A bark scorpion – is worse than a bite

Ah, the beauty of living in the desert. Stately cacti, red rocks and beautiful sunsets are our backdrop. There are also pests like spiders, mites, ticks and scorpions who make desert life tricky.

Scorpions in the Arizona desert

There are roughly 1,200 scorpion species in the world and 70 species in the United States – with the most dangerous species (bark scorpion) living in the American southwest and in Northern Mexico.

The record setting heat of this past summer didn’t help reduce the scorpion population – it may have helped increase it. During the height of summer you may experience more scorpions than usual. “Hot and dry conditions send many pests indoors, as they seek moisture and cooler temperatures” according to Missy Henriksen, vice president of public affairs for the National Pest Management Association (NPMA), but in Arizona it’s rain that really impacts scorpion movement.

Our monsoon season brings scorpions inside. Scorpions prefer a dry habitat, but during our long, hot and now humid weather, they are seeking cooler conditions. If you’re uncomfortable outside in our monsoon weather, so are scorpions.

Because scorpions may now be invading your home, you and your family are more prone to being stung by a scorpion. The Arizona Poison and Drug Information Center and Banner Good Samaritan Poison & Drug Information Center claim that last year “they recorded 10,000 scorpion stings in AZ” according to the Arizona Department of Health Services (azdhs.gov).

Your home is a scorpion’s home

When scorpions are living outside, they can usually be found burrowing in the soil or hiding under rocks, logs or debris – however when they travel inside your home, they can be seen anywhere. They are nocturnal, so they are usually more active at night. Their diet constitutes of insects, crickets and cockroaches (and sometimes spiders). They have been known to go for months without any food or water.

When the monsoon starts, you may notice an increase in insects, crickets and cockroaches – especially inside your home. So if there is an increase in these pests’ populations, there is an increase in risk for hungry scorpions to make it inside your home.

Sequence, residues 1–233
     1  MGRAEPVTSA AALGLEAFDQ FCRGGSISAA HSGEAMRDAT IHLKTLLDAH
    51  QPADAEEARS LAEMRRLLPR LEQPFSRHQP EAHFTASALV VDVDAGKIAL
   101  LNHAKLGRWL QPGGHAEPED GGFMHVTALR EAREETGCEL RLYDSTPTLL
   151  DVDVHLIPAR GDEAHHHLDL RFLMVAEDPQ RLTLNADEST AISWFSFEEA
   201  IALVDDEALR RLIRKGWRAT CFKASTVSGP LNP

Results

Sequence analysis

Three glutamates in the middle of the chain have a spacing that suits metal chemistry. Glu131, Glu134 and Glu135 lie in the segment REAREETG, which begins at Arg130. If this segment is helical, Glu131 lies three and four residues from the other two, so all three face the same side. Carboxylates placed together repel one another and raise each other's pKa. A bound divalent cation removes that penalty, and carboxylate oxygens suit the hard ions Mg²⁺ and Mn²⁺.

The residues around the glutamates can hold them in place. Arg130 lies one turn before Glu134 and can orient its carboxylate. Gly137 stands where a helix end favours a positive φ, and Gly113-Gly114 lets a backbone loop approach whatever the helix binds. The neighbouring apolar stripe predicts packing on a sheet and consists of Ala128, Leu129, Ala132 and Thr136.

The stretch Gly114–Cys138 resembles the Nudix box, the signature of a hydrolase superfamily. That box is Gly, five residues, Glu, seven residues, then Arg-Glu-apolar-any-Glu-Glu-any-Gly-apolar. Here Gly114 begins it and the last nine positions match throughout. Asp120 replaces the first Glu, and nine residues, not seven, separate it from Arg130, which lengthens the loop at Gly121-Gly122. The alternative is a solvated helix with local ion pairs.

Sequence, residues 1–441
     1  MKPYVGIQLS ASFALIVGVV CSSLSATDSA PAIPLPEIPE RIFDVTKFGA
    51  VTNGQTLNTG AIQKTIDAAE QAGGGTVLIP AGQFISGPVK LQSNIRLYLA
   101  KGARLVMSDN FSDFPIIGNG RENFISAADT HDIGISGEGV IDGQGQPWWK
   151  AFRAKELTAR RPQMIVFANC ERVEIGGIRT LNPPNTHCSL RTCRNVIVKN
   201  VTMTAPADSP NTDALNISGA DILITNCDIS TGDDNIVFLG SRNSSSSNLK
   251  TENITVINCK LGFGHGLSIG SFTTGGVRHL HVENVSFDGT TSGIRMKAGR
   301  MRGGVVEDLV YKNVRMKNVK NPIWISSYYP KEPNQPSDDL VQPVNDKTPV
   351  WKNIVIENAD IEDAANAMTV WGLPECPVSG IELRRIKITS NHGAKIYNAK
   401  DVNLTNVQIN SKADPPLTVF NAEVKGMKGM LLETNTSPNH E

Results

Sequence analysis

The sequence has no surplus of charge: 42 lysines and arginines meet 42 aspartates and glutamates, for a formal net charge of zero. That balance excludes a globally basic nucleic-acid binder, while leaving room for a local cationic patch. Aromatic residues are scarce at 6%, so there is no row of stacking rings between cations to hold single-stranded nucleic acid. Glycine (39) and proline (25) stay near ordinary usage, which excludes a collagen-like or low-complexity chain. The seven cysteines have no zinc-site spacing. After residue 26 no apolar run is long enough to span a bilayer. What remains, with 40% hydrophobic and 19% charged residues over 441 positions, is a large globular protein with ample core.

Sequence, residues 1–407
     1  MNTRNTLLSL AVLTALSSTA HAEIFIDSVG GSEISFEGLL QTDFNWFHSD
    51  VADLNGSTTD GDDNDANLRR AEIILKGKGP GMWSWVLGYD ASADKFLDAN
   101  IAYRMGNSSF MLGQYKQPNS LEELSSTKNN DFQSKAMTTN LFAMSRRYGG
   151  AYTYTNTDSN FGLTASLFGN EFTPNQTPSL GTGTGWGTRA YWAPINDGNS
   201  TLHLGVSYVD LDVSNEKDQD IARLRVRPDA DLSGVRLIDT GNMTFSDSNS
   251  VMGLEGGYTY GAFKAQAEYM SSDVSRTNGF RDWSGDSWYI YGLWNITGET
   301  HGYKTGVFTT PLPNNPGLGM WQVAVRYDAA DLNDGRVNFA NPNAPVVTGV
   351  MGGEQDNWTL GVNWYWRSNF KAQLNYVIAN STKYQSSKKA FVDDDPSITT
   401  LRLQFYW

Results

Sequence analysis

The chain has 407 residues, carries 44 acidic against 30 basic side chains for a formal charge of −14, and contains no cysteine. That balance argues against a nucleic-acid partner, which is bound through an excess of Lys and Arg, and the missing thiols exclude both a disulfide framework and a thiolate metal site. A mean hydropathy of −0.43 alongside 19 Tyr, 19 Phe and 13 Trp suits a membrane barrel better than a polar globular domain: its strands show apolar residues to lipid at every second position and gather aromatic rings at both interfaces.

A study conducted by Banner Good Samaritan Poison and Drug Information Center found that scorpion stings occur:

  • 33% in the bedroom
  • 24% in the living room
  • 6% in bathroom

In order to eliminate any risk of scorpions entering your home, go around your yard and eliminate any potential scorpion habitats. Remove piles of wood, trash and any debris which may make a cool place for scorpions to hide.

When it comes to your home, go around (preferably during the daylight hours and from inside your home) and look for spaces in windows and doorways where light and air comes into your home. If light and air can creep in, so can pests like crickets, cockroaches and insects – and scorpions looking for a meal.

Caulk any cracks in your home and repair any screens that may be torn. Inside your home, move furniture and beds away from walls (bark scorpions can climb), check bed linens before climbing into bed and shake your clothes (and shoes) before wearing – especially if the clothes were lying on the floor.

When stepping outside, wear shoes to help prevent stepping on a scorpion. If you have a pool, scorpions are attracted to the cool dampness of the motor, spa and surrounding landscaping. Be especially careful when picking up damp pool towels as scorpions love to hide under them (that includes bath towels when inside).

Since scorpion stings can be more dangerous to babies and children (more on that in the next section), take extra care when prepping your child’s living space. Move crib and bed away from wall. Remove bed linens which hang and touch the floor, such as bed skirts. You don’t want to give scorpions any method of climbing onto your child’s bed and stinging them.

A scorpion’s sting

Scorpions sting as a defense mechanism or to kill their prey. If you are stung by a scorpion, you may experience mild symptoms similar to a bee sting (not that a bee sting is mild by any means). The scorpion sting can have temporary pain, numbness and a burning sensation with possible localized swelling.

Washing the sting area, applying a cold compress and taking over the counter pain medication should help ease the symptoms of the sting. The pain and numbness can last several days, so treatment may last as long.

However, the bark scorpion (remember, one of the most dangerous species and native to Arizona) has a more dangerous venom.  A bark scorpion can measure one to one half inch in length and it’s sting can potentially be fatal to humans – especially if a baby, child or the elderly is stung.

If the scorpion sting victim (especially someone very young or very old) show signs of severe symptoms, immediate medical attention is needed. Sever symptoms include:

  • Difficulty breathing
  • Uncontrolled muscle/ limb/body jerking
  • Drooling
  • Wild eye movements
  • Blurred vision

As was mentioned above, infants and small children are at the highest risk for developing severe symptoms.

Why take a chance on your family getting stung by a scorpion. Give us a call and we will examine and treat your home for scorpions. We also offer a black light service and will look at your home at night when scorpions are the most active. Don’t wait to become a victim of a scorpion sting (and a possible trip to the emergency room), give our office a call to make your home safe. Call or text us at (480)3-7034 or click here to set up an appointment.